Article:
Thursday, February 05, 2015

The Cocktail Party Effect: Birds Hear Like We Do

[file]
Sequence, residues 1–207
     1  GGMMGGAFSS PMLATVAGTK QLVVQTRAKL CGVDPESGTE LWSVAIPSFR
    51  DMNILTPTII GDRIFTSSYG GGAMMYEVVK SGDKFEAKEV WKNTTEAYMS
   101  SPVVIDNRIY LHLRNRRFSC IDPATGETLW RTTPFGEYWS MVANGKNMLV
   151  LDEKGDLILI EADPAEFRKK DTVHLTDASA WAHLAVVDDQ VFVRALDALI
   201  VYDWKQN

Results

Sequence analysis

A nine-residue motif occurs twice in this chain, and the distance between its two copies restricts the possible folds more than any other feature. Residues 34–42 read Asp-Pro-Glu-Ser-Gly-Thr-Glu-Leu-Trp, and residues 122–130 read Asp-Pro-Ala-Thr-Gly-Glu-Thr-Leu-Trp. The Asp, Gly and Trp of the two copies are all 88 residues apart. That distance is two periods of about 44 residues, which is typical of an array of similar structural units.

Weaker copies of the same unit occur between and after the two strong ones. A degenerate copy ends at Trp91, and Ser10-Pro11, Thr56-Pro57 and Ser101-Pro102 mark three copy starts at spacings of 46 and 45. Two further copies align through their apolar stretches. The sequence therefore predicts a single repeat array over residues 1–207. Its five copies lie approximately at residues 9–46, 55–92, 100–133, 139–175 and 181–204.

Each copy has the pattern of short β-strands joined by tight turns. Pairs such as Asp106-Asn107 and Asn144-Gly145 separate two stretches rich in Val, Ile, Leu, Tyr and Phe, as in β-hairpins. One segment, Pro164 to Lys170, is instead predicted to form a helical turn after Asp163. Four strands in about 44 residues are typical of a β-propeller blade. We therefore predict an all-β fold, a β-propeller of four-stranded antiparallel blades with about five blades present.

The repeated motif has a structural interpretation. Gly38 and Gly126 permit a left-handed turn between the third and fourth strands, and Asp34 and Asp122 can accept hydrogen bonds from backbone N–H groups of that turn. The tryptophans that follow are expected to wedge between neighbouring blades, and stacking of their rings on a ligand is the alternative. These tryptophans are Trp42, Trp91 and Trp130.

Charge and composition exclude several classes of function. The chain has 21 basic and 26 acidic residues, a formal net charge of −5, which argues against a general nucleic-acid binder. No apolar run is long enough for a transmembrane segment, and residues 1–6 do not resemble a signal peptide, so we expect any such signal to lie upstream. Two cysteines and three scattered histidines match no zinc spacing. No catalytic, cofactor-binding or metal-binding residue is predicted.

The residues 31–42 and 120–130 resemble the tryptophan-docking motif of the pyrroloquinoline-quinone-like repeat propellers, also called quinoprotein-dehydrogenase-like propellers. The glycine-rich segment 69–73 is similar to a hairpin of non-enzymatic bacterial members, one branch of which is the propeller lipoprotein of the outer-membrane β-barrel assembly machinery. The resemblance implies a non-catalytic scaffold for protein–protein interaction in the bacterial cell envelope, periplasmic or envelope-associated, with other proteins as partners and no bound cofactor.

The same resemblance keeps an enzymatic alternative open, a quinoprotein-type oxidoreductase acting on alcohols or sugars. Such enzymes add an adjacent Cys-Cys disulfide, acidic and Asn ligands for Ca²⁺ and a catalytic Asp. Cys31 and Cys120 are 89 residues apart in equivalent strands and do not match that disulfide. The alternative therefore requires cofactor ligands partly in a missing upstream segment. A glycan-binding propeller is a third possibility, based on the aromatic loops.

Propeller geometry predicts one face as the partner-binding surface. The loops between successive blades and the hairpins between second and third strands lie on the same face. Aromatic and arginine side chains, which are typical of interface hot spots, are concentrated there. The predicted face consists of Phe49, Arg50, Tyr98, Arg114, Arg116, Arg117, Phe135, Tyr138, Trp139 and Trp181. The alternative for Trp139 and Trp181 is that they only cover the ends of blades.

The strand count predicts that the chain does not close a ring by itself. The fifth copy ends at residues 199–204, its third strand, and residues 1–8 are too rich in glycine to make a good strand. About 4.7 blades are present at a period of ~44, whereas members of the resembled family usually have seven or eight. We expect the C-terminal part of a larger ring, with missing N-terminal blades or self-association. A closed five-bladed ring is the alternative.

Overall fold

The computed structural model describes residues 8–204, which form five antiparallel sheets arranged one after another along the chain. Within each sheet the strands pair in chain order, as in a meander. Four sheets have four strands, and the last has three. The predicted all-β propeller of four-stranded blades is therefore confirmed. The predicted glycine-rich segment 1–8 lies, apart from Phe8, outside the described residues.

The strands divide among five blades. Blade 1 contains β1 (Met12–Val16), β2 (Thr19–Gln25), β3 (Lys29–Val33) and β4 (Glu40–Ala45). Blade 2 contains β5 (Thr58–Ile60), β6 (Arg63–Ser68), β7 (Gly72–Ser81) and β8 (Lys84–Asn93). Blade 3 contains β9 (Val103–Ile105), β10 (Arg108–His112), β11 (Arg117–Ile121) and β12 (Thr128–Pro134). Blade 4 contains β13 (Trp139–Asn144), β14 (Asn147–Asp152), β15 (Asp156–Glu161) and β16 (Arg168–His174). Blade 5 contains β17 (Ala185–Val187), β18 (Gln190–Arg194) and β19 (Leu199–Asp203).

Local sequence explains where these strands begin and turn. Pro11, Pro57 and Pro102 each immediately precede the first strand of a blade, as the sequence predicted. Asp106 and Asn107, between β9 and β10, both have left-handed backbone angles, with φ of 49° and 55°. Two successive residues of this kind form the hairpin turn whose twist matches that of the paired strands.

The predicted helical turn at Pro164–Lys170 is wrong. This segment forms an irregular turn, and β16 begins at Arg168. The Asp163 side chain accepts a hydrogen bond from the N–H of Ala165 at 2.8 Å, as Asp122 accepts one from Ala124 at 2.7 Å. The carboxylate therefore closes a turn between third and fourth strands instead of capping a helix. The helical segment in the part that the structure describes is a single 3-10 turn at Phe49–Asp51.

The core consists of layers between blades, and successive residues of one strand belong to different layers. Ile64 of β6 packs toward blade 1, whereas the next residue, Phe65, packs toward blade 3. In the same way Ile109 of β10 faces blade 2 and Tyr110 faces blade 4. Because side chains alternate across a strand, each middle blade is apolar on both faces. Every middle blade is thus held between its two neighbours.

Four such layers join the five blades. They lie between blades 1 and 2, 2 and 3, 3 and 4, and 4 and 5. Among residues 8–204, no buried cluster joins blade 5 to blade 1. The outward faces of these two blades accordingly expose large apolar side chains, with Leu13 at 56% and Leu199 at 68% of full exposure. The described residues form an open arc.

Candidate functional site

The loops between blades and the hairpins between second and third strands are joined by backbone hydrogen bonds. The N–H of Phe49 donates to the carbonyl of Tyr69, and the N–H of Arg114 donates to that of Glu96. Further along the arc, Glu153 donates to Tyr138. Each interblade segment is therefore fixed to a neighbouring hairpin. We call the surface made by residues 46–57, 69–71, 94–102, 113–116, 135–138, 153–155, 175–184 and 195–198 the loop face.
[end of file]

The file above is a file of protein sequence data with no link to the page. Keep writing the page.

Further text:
I worked in Dr. Micheal L. Dent’s laboratory for a few years as I was earning my undergraduate degree in animal behavior. I was interested in studying birds, and Dr. Dent was interested in studying acoustic communication in animals. Dr. Dent is an associate professor in the Psychology Department at the University at Buffalo, SUNY. “In the past, I’ve worked with budgerigars, starlings, canaries (multiple strains), Japanese quail, zebra finches, and barn owls,” she recently told me. “I currently work with budgerigars and zebra finches.” Acoustic communication refers to hearing. Other ways that animals can communicate include visual, olfaction, touch, thermal, and some can communicate even through electromagnetic fields. In Dr. Dent’s lab we used operant conditioning and positive reinforcement to measure birds’ abilities to detect, discriminate, identify, and localize sounds by training them to peck keys. One interesting occurrence she discovered was that parakeets and zebra finches exhibit the cocktail party effect. more

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